Topography is a key driver of tropical forest structure and composition, as it constrains local nutrient and hydraulic conditions within which trees grow. Yet, we do not fully understand how changes in forest physiognomy driven by topography impact other emergent properties of forests, such as their aboveground carbon density (ACD). Working in Borneo – at a site where 70-m-tall forests in alluvial valleys rapidly transition to stunted heath forests on nutrient-depleted dip slopes – we combined field data with airborne laser scanning and hyperspectral imaging to characterise how topography shapes the vertical structure, wood density, diversity and ACD of nearly 15 km2 of old-growth forest. We found that subtle differences in elevation – which control soil chemistry and hydrology – profoundly influenced the structure, composition and diversity of the canopy. Capturing these processes was critical to explaining landscape-scale heterogeneity in ACD, highlighting how emerging remote sensing technologies can provide new insights into long-standing ecological questions

Jucker, T.; Bongalov, B.; Burslem, D.; Nilus, R.; Dalponte, M.; Lewis, S.; Phillips, O.; Qie, L.; Coomes, D.A. (2018). Topography shapes the structure, composition and function of tropical forest landscapes. ECOLOGY LETTERS, 21 (7): 989-1000. doi: 10.1111/ele.12964 handle: http://hdl.handle.net/10449/47196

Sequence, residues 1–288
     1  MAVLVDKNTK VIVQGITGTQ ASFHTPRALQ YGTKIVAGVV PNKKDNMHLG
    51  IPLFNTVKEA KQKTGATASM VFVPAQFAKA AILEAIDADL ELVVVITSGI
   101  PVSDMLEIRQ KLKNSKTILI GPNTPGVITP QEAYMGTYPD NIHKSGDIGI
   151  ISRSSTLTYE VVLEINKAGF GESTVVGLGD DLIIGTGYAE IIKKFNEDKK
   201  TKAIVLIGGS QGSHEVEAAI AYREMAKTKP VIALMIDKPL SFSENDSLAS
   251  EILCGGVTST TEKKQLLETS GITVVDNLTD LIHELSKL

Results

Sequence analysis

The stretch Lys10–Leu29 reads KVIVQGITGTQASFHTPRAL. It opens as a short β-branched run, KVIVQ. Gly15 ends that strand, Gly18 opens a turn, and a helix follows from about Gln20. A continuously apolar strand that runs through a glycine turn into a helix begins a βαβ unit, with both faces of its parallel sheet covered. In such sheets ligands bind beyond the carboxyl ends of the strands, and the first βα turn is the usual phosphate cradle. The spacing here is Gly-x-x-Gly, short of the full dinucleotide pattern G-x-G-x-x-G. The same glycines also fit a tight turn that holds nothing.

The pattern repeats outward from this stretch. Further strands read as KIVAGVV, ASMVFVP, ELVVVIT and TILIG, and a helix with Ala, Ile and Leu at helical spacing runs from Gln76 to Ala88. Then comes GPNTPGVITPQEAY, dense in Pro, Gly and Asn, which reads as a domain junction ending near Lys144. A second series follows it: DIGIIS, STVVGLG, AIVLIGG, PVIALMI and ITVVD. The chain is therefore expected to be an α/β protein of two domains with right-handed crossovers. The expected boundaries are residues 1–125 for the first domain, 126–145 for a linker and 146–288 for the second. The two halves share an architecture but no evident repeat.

Topography shapes the structure, composition and function of tropical forest landscapes

Dalponte, M.;
2018-01-01

Abstract

Topography is a key driver of tropical forest structure and composition, as it constrains local nutrient and hydraulic conditions within which trees grow. Yet, we do not fully understand how changes in forest physiognomy driven by topography impact other emergent properties of forests, such as their aboveground carbon density (ACD). Working in Borneo – at a site where 70-m-tall forests in alluvial valleys rapidly transition to stunted heath forests on nutrient-depleted dip slopes – we combined field data with airborne laser scanning and hyperspectral imaging to characterise how topography shapes the vertical structure, wood density, diversity and ACD of nearly 15 km2 of old-growth forest. We found that subtle differences in elevation – which control soil chemistry and hydrology – profoundly influenced the structure, composition and diversity of the canopy. Capturing these processes was critical to explaining landscape-scale heterogeneity in ACD, highlighting how emerging remote sensing technologies can provide new insights into long-standing ecological questions
Aboveground carbon density
Airborne laser scanning (or LiDAR)
Biodiversity
Canopy height
Gap fraction
Hyperspectral imaging
Remote sensing
Terrain elevation
Slope and curvature
Wood density
Settore BIO/07 - ECOLOGIA
2018
Jucker, T.; Bongalov, B.; Burslem, D.; Nilus, R.; Dalponte, M.; Lewis, S.; Phillips, O.; Qie, L.; Coomes, D.A. (2018). Topography shapes the structure, composition and function of tropical forest landscapes. ECOLOGY LETTERS, 21 (7): 989-1000. doi: 10.1111/ele.12964 handle: http://hdl.handle.net/10449/47196
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Utilizza questo identificativo per citare o creare un link a questo documento: https://hdl.handle.net/10449/47196
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